Amy Poehler's Yes Please is Pretty Fantastic, Y'all
I have a weird relationship with celebrity-penned books. I loved Mindy Kaling's book and cannot wait for her follow-up, out next year. I really loved Esther Williams' memoir, Million Dollar Mermaid. But, I haven't been a fan of many others. (Including the one written by the female comedian that everyone but me adores.)
However, I do love Amy Poehler.
I can tell you my very clear memory of first being exposed to her: It was the late-1990s and I was still able to stay up and watch late night television and she played Andy Richter's Conan-obsessed little sister and it was bonkers. I'm certain I'd never seen anyone quite like her before. When she joined the cast of Saturday Night Live, I even managed to stay up and watch her quite a bit.
Obviously, I love Parks & Recreation, the television show she stars in, and not just because it's basically a biopic about my time working for a parks department, but because Amy & Co are so flipping hilarious, but never mean--just the humor I love.
So, despite my reticence about celebrity-penned books, I snagged Amy's Yes Please on a recent trip to Costco. (What? You don't buy books at Costco? All the cool kids do. Or so I tell myself.)
Yes, Please is less memoir and more memoiric (not a real word, FYI) scrapbook combining essays, lists, advice and photographs.
It's a bit meandering and thematically messy, but in a way that clicked with me. If I remember correctly, the criticism of Mindy Kaling's book was similar, and I get that it's not everyone's cup of tea, but I like this approach for memoirs more than the straight autobiographical format.
It's interesting to me that some major media reviews lingered on the notion that Amy talks "a lot" about her divorce from Will Arnett and her new relationship with comedian Nick Kroll. I'm certain that Kroll isn't mentioned by name outside the acknowledgments and the limited about of time spent on Arnett is mostly in a general sense about how much divorce sucks and graciously about him as a father to their two sons.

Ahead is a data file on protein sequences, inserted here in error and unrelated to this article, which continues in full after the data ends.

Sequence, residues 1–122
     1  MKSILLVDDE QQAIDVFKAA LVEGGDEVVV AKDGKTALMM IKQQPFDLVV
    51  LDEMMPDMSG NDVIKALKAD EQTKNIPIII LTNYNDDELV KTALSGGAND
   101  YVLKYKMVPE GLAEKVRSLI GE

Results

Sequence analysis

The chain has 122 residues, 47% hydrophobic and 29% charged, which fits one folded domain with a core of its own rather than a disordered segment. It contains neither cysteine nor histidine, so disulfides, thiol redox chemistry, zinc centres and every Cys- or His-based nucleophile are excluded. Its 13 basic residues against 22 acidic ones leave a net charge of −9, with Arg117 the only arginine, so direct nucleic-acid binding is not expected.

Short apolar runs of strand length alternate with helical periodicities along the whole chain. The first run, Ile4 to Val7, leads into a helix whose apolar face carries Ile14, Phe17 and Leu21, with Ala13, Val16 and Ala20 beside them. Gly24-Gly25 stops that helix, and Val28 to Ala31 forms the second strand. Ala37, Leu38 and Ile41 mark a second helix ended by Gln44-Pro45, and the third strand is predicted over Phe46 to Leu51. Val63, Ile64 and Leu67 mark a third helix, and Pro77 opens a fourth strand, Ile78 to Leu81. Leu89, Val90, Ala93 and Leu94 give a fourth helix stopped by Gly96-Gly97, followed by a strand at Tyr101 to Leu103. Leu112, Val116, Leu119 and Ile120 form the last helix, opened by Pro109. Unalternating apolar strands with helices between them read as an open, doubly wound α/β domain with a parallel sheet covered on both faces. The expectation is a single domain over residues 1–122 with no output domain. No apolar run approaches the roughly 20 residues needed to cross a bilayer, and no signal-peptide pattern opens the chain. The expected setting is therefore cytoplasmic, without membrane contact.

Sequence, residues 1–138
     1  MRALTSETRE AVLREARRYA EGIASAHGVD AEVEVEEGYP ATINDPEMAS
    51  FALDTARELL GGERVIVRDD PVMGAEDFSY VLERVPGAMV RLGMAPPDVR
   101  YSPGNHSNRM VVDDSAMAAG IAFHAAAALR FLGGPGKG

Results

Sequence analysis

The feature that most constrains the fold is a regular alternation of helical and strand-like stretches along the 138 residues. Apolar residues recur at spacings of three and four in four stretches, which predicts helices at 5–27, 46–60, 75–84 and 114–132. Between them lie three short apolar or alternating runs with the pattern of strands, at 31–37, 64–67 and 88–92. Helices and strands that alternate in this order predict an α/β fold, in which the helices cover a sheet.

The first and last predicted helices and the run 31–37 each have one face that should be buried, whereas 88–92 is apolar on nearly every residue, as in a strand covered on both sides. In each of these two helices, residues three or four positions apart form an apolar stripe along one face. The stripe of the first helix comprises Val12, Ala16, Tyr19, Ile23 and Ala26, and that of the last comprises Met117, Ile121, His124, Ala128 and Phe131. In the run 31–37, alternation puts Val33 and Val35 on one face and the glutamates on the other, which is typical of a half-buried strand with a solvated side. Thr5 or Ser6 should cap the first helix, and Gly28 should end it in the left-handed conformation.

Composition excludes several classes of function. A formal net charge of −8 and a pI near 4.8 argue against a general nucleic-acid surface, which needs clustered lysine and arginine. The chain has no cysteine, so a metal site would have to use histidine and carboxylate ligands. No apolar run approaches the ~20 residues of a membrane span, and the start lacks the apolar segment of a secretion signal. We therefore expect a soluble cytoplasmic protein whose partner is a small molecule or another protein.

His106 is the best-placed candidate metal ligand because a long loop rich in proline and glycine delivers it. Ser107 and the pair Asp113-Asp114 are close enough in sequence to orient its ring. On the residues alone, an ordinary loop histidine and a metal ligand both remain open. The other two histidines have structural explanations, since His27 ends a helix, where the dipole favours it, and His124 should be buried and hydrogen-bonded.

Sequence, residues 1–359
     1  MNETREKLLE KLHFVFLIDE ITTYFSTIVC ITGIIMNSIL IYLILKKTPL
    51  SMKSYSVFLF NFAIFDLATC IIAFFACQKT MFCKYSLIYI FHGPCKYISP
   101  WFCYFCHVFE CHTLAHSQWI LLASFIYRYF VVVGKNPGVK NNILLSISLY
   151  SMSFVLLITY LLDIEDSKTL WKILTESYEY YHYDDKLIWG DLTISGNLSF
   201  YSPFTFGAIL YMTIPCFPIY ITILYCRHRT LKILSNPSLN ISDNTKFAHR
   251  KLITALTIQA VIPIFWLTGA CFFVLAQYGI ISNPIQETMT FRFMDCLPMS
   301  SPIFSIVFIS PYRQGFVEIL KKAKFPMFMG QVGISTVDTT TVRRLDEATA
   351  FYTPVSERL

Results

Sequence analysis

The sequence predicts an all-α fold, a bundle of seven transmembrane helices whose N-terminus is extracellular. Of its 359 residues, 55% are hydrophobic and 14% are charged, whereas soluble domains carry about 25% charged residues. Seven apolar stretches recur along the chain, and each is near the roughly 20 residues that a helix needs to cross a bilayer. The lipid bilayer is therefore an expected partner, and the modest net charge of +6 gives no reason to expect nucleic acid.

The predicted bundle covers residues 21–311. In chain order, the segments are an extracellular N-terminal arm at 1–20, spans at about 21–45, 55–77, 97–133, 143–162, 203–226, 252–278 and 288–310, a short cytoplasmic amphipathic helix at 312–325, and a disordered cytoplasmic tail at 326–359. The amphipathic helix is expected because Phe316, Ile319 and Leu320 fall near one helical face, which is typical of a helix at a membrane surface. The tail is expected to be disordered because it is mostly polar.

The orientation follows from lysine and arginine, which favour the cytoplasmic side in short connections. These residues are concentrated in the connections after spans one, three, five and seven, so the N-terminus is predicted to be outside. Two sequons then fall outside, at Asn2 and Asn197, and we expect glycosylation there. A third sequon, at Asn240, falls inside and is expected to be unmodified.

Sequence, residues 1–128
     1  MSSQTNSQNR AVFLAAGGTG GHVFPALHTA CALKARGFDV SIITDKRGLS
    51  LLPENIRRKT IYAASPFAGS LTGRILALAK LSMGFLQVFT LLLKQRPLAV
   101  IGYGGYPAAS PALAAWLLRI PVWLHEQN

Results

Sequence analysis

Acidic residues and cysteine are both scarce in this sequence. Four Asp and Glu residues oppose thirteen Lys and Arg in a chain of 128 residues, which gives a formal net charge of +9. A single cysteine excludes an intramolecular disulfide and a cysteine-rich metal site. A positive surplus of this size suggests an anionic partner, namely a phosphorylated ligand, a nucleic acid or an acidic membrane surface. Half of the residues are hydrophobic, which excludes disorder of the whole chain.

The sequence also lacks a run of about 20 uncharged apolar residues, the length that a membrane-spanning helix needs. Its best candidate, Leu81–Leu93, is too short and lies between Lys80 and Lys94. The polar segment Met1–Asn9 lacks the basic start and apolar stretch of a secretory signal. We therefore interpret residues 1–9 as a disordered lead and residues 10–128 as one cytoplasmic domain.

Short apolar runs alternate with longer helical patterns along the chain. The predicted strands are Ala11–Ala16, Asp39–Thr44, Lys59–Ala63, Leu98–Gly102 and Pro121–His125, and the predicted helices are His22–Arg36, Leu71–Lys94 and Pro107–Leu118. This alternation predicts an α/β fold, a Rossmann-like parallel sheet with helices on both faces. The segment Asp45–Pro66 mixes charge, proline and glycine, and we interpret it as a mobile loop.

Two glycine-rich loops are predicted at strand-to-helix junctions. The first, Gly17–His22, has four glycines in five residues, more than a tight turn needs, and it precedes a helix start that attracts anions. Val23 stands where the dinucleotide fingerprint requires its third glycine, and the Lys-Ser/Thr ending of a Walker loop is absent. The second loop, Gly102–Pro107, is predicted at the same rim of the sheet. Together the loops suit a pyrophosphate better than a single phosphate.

Honestly, Louis C.K. talks much more about his relationships in his everyday comedy bits than Amy does in Yes Please. But I guess because he's a dude it's "profound" (disclosure: I hate the public's clamoring over every single one of that man's pithy, simplistic rants). It's interesting to me that there's an assumption that a lady-penned book will focus on romantic relationships, even when the reality is something else. (Even though romantic relationships are actually really important in people's lives and mainstream media portrays this subject as trivial or lesser.) But I digress...
What Poehler's book really focuses on is The Work and friendships. Little nibbles of advice such as "Figure out what you want. Say it out loud. Then shut up," pepper the section breaks, and longer pieces chronicling SNL, Upright Citizens Brigade and Parks and Recreation well pretty fascinating.
The other thing that I deeply appreciated about Poehler's book is that the design is stunning. It's rather whimsical in a lot of ways, with bright, cheerful colors, loose leading and--try not to be too stunned--high quality printing.
One of the reasons I tend to read a lot in digital is because book design has gotten pretty terrible: Fonts with poor readibility, near-transparent paper, and cheesy binding are all the norm these days. This is obviously a "big book," but the designers and production people really knocked it out the park and I hope they get all sorts of design accolades, because it's so deserved.